An elementary school teacher commented, “Honestly, I give homework because parents demand it. I don't believe in it. The Common Core State Standards support a developmental progression of learning. Parents sometimes question the strategies that students use to solve problems, for example: division. Parents question why they are not using the long division algorithm in 4th and 5th grade. They often show their students the way they learned to do it: the right way to do it.
My compromise has been to only assign one page of homework a week. It has four boxes labeled from Monday to Thursday, with questions that serve as review. The goal is to assign problems that my students can do independently. It seems to satisfy both parents and students as it isn't a lot of homework, it builds in flexibility (students can do it all at once or a little each night) and parents still feel that their kids have homework. Only rarely do parents complain to me that it's not enough. That's when I want to show them articles about the harm that homework can do!”
A first year high school teacher learned that sending students home with a practice assignment is only effective if she has formatively assessed students in class. “I have changed homework to class work. I want students to get practice, but I am afraid students who are unsure of a concept or skill will become more confused while working the practice questions incorrectly at home. So after an activity or lesson, I assign a couple of problems for class work if I feel students did not get enough practice during the day.”
And another high school teacher states: “I would argue the main reason we give homework is because we don’t have enough time in class. I hope most of us can now agree that the traditional view of homework is detrimental to students and, as a result, counterproductive to us for many reasons such as: The kids that complete the homework didn’t need the extra practice and the kids that needed the practice were not able to do the homework. I don’t want students to practice doing math wrong.”
What is clear to me now, after reflecting on what I have read and gleaned from conversations with all stakeholders involved, including students, is that homework must be meaningful, impact student learning, developmentally appropriate and engaging to students if it is to be completed.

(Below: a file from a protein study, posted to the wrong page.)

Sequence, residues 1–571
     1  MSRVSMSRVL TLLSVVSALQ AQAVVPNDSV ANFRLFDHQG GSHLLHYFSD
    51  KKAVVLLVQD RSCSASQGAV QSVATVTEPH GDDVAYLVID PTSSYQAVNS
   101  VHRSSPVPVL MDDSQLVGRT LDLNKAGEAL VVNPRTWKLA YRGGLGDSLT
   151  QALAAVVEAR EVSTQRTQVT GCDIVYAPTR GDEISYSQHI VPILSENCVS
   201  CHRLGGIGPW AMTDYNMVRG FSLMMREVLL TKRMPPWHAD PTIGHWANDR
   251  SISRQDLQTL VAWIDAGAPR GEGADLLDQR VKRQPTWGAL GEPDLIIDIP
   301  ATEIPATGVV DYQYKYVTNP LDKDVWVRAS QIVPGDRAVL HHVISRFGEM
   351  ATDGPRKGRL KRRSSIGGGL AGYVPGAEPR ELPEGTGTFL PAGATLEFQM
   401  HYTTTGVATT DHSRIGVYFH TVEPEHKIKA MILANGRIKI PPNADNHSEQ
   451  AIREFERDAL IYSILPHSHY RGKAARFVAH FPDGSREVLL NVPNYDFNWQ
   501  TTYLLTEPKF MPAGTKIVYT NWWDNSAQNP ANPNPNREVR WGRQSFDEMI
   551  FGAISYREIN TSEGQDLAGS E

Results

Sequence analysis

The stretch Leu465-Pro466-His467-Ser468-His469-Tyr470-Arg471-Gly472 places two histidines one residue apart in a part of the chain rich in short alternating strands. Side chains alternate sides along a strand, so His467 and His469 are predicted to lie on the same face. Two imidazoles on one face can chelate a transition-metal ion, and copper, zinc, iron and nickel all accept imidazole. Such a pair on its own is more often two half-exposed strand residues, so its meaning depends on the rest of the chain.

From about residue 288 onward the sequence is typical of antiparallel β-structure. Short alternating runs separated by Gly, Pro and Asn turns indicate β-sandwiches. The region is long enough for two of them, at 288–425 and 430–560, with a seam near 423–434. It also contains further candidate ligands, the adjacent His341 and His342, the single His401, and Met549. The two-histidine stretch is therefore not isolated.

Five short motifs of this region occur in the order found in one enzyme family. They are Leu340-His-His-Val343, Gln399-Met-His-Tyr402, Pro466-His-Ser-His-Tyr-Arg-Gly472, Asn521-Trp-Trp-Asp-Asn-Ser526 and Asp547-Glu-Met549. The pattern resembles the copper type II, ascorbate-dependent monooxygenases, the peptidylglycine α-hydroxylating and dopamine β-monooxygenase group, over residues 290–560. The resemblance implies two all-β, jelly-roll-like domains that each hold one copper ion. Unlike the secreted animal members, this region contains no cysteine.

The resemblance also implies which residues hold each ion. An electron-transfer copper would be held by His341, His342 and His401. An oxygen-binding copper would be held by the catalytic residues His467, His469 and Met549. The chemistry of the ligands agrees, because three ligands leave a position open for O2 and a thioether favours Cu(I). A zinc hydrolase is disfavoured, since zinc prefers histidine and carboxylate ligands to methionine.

Consider the following questions:
For a fifth grade student working with fractions, the homework assignment might ask, “Write a contextual problem for 3/4 + 1/2. Solve the equation using a strategy that makes sense to you and be ready to explain it to your partner tomorrow in class.”
An Algebra 2 student might be prompted with four triangles that have various side lengths and angle measures. The student’s assignment could read, “Decide which method of solving triangles would be best for each triangle and solve one of the triangles. Be ready to defend your choices and your work tomorrow in class.”
The questions each have purpose and are tied to a grade level standard. Both questions push at deeper understanding of a mathematical concept. I believe they are more engaging than straight procedural questions, but students would be a better judge. The inequity question still needs to be addressed, in other words, how will I support the students who require homework help?
Perhaps before assigning homework, particularly in mathematics, we as educators should ask ourselves a few questions.
- What is the purpose, the mathematical goal of the assignment?
- Is the length of the assignment or the number of questions posed appropriate?
- Is the assignment engaging or based on interests of students?
- Do students have the supports they need to complete the homework? Do students have time and transportation to attend after school homework club?
- Will there be an efficient and timely discussion or review of the homework?
- Will the homework, which is a formative assessment, be graded?
- Will students who were absent or unable to complete the assignment be provided with the time or help needed to complete the assignment?
We need to tackle the homework question. Every school must have a respectful discussion about this controversial issue and develop a school policy towards homework. We owe this to our students, parents and community.